Women Who Lead: A Guide to Making It to the Top

by Pam Baker

This no-bull guide offers serious leadership tips and resources that will actually help you rise to the top of your profession.

There's no shortage of great leadership resources to help fuel your rise to the very top of your industry. It's just difficult to sort the grains of wheat from the endless piles of chaff. Like many business women, your current workload barely leaves you time to breathe much less make a change that could help you get ahead. But still you try.

The advice you typically hear is "work more, work harder." You're willing to do that—just as soon as someone invents a way to add more hours to the day. Worry not, here's a guide that will really help you sprint to the top.

Moving Beyond a Business Mentor

Mentors are great. They can teach you the ropes in the biz, new skills, and shortcuts. They can even guide you through company and industry politics. If you're smart, you'll engage several mentors, each capable of making you stronger in a different way.

The trouble is, once your mentors have given you their all, you're on your own. You need to figure out which skills to use—not to mention how and when to use them—so that you can clear your own path to victory. That's alright on the surface, and some women make it through on their own just fine. But for many women, mentors simply aren't enough.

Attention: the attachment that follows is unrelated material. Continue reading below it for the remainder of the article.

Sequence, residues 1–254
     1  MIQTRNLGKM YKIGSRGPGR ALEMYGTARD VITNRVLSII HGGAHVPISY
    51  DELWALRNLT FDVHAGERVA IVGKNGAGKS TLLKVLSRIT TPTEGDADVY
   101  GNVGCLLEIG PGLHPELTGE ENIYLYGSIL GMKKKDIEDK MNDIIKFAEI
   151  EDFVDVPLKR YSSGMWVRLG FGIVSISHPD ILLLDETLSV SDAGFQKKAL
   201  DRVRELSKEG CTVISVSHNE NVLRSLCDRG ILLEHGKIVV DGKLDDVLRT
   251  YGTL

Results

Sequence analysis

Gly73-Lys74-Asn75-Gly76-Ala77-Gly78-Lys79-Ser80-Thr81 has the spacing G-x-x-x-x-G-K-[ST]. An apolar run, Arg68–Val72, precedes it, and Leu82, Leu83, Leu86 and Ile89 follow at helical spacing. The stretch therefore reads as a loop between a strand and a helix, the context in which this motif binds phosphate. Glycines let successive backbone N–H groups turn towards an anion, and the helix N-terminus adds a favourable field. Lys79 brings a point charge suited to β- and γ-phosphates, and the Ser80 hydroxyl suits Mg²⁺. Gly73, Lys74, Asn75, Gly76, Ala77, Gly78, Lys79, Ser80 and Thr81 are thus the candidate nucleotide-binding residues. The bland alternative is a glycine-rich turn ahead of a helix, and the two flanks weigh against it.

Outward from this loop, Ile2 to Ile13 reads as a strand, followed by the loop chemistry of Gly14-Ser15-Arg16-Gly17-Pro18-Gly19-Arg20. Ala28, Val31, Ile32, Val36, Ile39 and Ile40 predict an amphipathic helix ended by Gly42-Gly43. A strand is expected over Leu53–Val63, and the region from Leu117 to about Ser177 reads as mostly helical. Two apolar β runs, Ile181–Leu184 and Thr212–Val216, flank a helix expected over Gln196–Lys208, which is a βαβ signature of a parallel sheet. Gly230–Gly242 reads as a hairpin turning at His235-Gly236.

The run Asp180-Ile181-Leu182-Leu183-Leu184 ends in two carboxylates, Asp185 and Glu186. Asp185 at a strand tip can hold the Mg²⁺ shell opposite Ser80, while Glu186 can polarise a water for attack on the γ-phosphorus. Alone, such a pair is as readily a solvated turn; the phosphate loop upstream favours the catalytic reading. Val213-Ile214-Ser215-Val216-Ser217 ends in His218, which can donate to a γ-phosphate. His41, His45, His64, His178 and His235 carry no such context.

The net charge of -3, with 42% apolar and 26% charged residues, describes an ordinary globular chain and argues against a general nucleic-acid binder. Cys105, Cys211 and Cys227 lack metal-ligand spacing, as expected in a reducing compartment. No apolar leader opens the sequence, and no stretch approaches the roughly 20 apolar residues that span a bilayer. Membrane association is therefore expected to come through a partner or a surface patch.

"I've learned that mentorship is the second prize: sponsorship is what really matters," says MJ Petroni, CEO of Causeit, which he describes as "half futurist think-tank and half innovation-consultancy." Petroni, trained in cyborg anthropology, is the Cyborg Anthropologist in Residence for NTT, the world's largest telecom, and is also a founding advisor of the Bill and Melinda Gates Foundation's Global Digital Financial Services Platform.

Women and leadership

"I first heard the term 'sponsorship' at the BlogHer Business, Entertainment and Technology conference a few years ago," says Petroni. "In contrast to the useful mentorship and coaching models, which are mostly about advice in a private setting, sponsorship is the concept of lending or giving other people tangible and intangible resources—such as reputation, connections, leads, money, or access—to help them get a leg up."